Values. Do we really know what our values are? And do we care? How far does our conviction, or our faith go? Will we refuse to follow an order when it is in conflict with our personal values, or with the religion we believe into? And is it right to do so?

These are no easy questions with no easy answers. Because while we certainly want to do good, and follow certain values and principles in our life and work, we also have bills to pay and kids to feed (or at least some of us), and refusing to obey an order of our superior can easily cost us our job, or at least the bonus at the end of the year.

In my opinion, this is one of the most difficult scenario-based questions you can face in an interview. Now I will try to show you 7 sample answers–including some unconventional choices, and answers for people who lack previous working experience. Let’s hope you will find at least one that resonates with your values, and makes at least some sense to you. Do not forget to read also the text below the answers, for additional hints and explanations.


7 sample answers to “Describe a time when you were asked to do something which was in conflict with your values” interview question

  1. I recall such a situation from my college job, with one of the fast food restaurants. We got a direct order from the managers to refuse to disclose the ingredients of the dishes, and the nutritional information, such as the amount of saturated fats. Obviously most customers did not ask, but some did. And I also wanted to know, because I am aware of the epidemic of obesity we face in the United States, and the terrible consequences it has on the entire healthcare system. Even in a fast food restaurant you have some choices that are more healthy, at least when compared with the other dishes on offer. And I wanted to be able to tell the customers, to explain the choices they had. But I was asked not to do so, and it was one of the reasons why I quit the job as soon as I found something else.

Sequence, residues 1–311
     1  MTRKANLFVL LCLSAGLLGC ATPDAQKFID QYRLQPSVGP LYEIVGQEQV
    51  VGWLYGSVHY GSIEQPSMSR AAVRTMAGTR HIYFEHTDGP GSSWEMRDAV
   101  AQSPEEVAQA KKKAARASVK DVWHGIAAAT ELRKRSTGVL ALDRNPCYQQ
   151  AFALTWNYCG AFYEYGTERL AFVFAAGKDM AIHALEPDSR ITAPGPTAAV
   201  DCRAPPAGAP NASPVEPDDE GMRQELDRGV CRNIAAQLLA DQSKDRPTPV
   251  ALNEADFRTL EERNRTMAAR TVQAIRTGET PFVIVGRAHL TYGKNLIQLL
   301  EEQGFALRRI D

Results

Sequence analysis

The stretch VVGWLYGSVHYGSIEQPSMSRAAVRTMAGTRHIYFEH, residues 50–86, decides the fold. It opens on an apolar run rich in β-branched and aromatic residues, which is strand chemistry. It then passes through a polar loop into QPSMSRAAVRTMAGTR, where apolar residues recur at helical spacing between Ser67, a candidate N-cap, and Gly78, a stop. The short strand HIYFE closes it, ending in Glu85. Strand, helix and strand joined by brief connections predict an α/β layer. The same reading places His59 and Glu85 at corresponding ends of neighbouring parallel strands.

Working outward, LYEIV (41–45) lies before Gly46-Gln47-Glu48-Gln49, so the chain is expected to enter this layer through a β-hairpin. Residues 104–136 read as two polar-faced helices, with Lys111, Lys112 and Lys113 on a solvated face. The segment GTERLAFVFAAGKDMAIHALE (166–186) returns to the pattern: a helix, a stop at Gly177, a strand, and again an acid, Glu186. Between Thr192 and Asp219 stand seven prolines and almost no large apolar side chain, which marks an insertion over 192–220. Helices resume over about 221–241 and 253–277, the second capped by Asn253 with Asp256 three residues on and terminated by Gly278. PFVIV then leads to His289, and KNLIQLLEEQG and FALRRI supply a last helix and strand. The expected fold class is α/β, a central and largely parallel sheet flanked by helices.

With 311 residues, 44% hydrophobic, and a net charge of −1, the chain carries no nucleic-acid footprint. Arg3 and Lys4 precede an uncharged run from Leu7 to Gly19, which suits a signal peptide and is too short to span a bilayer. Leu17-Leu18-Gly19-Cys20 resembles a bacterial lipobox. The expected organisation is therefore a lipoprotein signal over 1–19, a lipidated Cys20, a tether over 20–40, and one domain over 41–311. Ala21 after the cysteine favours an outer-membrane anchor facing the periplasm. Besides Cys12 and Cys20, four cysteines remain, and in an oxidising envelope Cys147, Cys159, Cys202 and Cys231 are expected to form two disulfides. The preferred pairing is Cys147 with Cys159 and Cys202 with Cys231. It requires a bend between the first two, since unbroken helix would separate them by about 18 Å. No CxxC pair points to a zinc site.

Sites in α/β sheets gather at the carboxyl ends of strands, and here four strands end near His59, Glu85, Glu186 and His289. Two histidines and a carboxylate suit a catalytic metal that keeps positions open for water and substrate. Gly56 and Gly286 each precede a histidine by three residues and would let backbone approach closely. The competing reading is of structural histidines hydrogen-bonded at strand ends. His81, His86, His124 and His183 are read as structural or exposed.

2. I remember an extremely unpleasant situation of this kind from my last managerial job. The board made a decision to do some downsizing, seeking higher profits, and we were asked to send 5% of all employees packing. But this was in conflict with my values, because I knew that my department was already understaffed. I saw no point in terminating someone’s contract just for the stockholders to enjoy higher dividends. But what could I do? I pleaded with my superior, I explained my point of view to them. But they said we had to follow the orders of the board. And so I eventually sent one guy from the team packing, though I knew others would have to work even harder. Why did I do it? If I didn’t do it, I would be the one sent packing. With two kids and third on the way, I couldn’t afford to lose such a well paid job. Or could I?
  3. I had a very unpleasant experience of this kind from my last job of a hostess in a night club. The manager wanted me to be nice to the customers–which I had no problems with–I enjoy having friendly interactions with people. But they also wanted me to allow a little touch here and there, to make sure guests had an amazing time. But this was in a strong conflict with my values, and I didn’t want anyone to touch me. I was a hostess, and not something else. But the manager insisted, and for me it was a clear sign to leave the place. Now I hope to get a job with a more serious club–for example with you, a place where they know how to treat the hostesses.
  4. This is my first job application but I can recall a fitting situation from school. My classmates came up with a bullet-proof cheating method for our Math exam, and I should play my role. It was about making the teacher leave the classroom for a couple of minutes–I do not want to go into details here–and during that time we’d all be able to share the correct answers. You can imagine the social pressure I faced. Because all my friends wanted to cheat. But I wasn’t raised as a cheater, and I decided to refuse to play my role. Some friends understood and some almost stopped talking to me. But I did not see it as an issue, because at least I understood who was a real friend. I believe it is important to have some values, and to not give in easily, regardless of the pressure.

 * Special Tip: This isn’t the only difficult question you will face while interviewing for any decent job. You will face questions about prioritization, dealing with pressure, dealing with ambiguity, and other tricky scenarios that happen in the workplace. If you want to make sure that you stand out with your answers and outclass your competitors, have a look at our Interview Success Package. Up to 10 premium answers to 31 tricky scenario based questions (+ more) will make your life much easier in the interviews. Thank you for checking it out!